One more time, Corto Maltese, the sea captain with no home port and the anarchist without championing the cause of anarchy, rushes into his exhilarating adventures, taking him from the South Seas to Brazil, and via Africa to the Far East. In a smart five-volume hardback edition published by German publisher Schuber, Gaston Lagaffe supplies material for well over 1,000 gags and minor daily disasters at the office. For the first time in decades Philippe Druillet’s Lone Sloane returns to print in lavishly illustrated psychedelic-interstellar trips. And after an equally long time, Valentina, Guido Crepax’ erotic 1970s icon, strips off before our eyes in extravagantly styled black and white pages that still have a touch of the avant-garde. But there are also collected and single editions of Spirou, Michel Vaillant and even Petzi – not to mention the 25 bumper volumes of the collected works of Peanuts.
The comic book is discovering its heritage. Classical and less classical, popular and forgotten works are being unearthed and more or less carefully edited afresh. Often, a foreword or afterword has been added as well as an appendix, or sometimes not. In 2014, 1,058 re-printed editions appeared in France in the form of single volumes or collected works editions. That equates to almost 20 % of comic production and the trend is rapidly rising. Also in European countries without a comic culture to write home about – so in most countries except France, Belgium and Italy – the share of re-prints is growing.
Of course, there are economic reasons for this: works that have already paid their way are being converted into more cash without any risks. But apart from this, it’s a positive trend that suggests a normalization in attitudes towards comics.
Most comics previously existed for the duration of one or two print runs; once they sold out, they weren’t re-printed. Since scarcely any libraries were consciously collecting comics – the comic was regarded as not credible archive material – no genuine consciousness emerged for the historic dimension of the comic. For researchers it wasn’t easy compiling an overview, and in German-speaking secondary literature this constantly led to baffling (mis-) assessments.
Re-prints, collected works and single editions, retrospectives, new translations etc. are nonetheless an important aspect of reception in all art genres whether these concern literature, the fine arts, film or music. They permit a reflection of history, new interpretations of the literary canon and a continual discourse about trends that at best provides inspiration for the present.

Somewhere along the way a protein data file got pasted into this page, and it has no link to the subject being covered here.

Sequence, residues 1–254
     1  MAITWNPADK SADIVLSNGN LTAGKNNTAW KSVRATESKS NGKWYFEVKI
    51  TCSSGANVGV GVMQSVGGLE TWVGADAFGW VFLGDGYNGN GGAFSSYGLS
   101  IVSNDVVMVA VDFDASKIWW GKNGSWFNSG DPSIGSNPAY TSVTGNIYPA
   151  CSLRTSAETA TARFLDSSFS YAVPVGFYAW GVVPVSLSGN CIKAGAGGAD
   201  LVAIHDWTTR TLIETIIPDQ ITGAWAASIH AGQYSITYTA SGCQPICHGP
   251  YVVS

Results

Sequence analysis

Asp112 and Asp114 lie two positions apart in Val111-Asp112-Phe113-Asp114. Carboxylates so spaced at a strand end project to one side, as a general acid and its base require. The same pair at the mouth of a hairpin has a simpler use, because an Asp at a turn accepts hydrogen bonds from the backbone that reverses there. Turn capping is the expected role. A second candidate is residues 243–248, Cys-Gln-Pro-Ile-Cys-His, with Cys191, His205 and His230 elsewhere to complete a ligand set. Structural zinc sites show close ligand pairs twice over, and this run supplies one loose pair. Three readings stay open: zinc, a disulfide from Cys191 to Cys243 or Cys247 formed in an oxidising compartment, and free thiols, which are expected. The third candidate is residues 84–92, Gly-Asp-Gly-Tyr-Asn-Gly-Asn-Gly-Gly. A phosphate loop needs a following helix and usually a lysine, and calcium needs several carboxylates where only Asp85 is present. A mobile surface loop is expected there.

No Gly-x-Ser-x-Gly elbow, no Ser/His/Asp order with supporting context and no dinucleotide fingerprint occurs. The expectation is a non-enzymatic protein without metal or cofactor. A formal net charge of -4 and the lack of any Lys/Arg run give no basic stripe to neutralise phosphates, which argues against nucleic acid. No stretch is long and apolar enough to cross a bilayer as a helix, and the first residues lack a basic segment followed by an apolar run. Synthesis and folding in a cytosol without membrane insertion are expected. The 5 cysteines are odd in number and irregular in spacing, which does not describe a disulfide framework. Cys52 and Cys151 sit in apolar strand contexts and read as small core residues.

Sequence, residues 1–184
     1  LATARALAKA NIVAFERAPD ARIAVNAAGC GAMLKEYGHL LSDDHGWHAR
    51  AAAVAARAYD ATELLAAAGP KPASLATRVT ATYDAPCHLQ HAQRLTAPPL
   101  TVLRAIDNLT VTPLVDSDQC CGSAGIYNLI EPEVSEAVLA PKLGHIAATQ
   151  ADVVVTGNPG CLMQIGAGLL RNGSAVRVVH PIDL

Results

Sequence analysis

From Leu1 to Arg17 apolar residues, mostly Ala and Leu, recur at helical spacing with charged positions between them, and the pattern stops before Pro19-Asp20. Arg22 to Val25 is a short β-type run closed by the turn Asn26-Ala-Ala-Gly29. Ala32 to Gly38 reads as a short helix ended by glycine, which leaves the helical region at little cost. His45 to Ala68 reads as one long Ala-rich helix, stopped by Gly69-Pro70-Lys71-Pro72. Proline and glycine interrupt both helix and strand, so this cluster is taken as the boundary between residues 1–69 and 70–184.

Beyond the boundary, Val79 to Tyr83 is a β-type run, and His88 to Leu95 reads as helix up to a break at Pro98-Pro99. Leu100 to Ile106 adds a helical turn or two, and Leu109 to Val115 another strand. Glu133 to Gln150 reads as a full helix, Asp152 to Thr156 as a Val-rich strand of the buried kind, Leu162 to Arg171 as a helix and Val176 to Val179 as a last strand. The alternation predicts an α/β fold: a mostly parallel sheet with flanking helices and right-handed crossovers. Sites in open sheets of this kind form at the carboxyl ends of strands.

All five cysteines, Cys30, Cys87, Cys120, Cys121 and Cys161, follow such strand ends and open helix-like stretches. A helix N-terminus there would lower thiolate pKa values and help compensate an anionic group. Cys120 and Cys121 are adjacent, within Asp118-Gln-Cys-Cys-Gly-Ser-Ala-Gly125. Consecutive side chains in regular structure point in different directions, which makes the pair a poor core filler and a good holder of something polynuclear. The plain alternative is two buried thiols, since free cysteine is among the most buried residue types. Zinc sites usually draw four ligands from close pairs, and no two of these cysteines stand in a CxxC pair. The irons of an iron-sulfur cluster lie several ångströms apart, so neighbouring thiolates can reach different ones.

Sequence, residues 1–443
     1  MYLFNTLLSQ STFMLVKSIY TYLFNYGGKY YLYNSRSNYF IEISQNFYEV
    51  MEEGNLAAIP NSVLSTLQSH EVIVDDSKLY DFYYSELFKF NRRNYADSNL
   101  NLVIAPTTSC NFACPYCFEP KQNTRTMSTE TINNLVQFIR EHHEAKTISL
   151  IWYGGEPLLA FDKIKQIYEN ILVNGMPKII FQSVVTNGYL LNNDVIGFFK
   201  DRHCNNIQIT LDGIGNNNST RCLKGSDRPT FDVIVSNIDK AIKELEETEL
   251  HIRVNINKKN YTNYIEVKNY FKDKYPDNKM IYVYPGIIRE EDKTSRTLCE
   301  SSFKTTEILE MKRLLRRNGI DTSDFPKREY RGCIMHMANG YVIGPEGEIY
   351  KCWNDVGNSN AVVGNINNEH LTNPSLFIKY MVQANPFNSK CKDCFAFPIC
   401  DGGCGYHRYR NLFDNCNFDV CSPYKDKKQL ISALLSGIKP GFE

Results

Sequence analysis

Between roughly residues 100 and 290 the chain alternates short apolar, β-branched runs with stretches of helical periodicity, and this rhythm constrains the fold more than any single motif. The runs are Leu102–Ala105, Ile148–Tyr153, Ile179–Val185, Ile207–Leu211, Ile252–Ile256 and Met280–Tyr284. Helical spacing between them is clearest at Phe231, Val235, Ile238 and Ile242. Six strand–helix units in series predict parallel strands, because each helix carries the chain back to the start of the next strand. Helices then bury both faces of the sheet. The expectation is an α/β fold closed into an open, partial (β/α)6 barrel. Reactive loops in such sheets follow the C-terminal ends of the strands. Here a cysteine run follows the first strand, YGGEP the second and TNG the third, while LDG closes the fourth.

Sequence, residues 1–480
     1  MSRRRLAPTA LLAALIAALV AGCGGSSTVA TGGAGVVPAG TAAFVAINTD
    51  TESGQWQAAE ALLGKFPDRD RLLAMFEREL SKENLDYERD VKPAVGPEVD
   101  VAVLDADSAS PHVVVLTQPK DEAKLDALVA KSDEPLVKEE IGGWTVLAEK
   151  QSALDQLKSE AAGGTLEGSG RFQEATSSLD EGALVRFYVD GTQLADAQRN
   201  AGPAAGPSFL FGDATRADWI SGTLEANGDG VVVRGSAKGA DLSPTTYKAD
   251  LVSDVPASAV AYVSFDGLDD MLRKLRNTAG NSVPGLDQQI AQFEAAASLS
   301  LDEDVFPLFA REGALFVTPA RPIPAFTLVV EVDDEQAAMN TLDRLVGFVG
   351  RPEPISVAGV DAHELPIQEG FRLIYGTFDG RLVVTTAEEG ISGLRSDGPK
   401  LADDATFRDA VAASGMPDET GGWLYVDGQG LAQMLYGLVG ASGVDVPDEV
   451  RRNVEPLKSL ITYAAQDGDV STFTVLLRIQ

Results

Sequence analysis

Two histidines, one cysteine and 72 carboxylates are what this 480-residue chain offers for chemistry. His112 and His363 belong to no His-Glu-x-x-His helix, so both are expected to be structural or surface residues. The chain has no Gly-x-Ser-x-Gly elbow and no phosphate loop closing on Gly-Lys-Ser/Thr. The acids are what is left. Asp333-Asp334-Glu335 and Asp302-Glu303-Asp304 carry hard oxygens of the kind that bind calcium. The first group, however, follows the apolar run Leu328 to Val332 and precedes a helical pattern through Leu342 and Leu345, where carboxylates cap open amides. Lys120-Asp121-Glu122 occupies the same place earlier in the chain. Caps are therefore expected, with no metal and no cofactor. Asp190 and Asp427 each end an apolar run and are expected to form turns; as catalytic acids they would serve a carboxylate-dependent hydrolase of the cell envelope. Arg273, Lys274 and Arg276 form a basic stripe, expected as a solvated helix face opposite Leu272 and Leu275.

However, many comic collected works do not really correspond to the level of academic calibre. This business is still organized by fans and publishers. Not to say that this is necessarily negative, but a little more courage to include well-informed annotations would be desirable.
Then again, the figures highlight some questions. Can it be true that one-fifth of all comics is ‘old hat’? Does that at most say something about current creativity? Is that possibly an admission of a certain disorientation after a lengthy and highly fascinating phase? Is there a lack of strong trends to focus minds on contemporary work? You will have to wait to read more about this in the next blog…
Until then, I’m only too happy to be entertained with Gaston Lagaffe and Valentina, or I’ll immerse myself in the fascinating world of Corto Maltese. In particular, I can only recommend Under the Sign of Capricorn, set in Brazil in 1916: it’s a furious and feverish story about the search for a lost half-sister, about magical Candomblé ceremonies, scary hallucinations, eternal friendship and unrequited love, about spying and smuggling, philosophy, anarchy and freedom. In short: it’s a great and tremendous adventure in which fiction, historical anecdotes, mythology and imagination enter into a harmonious marriage. Just wonderful!
By Christian Gasser
Translated by Suzanne Kirkbright
This blog was originally published on ELit Literature House Europe‘s website on 4 January 2016.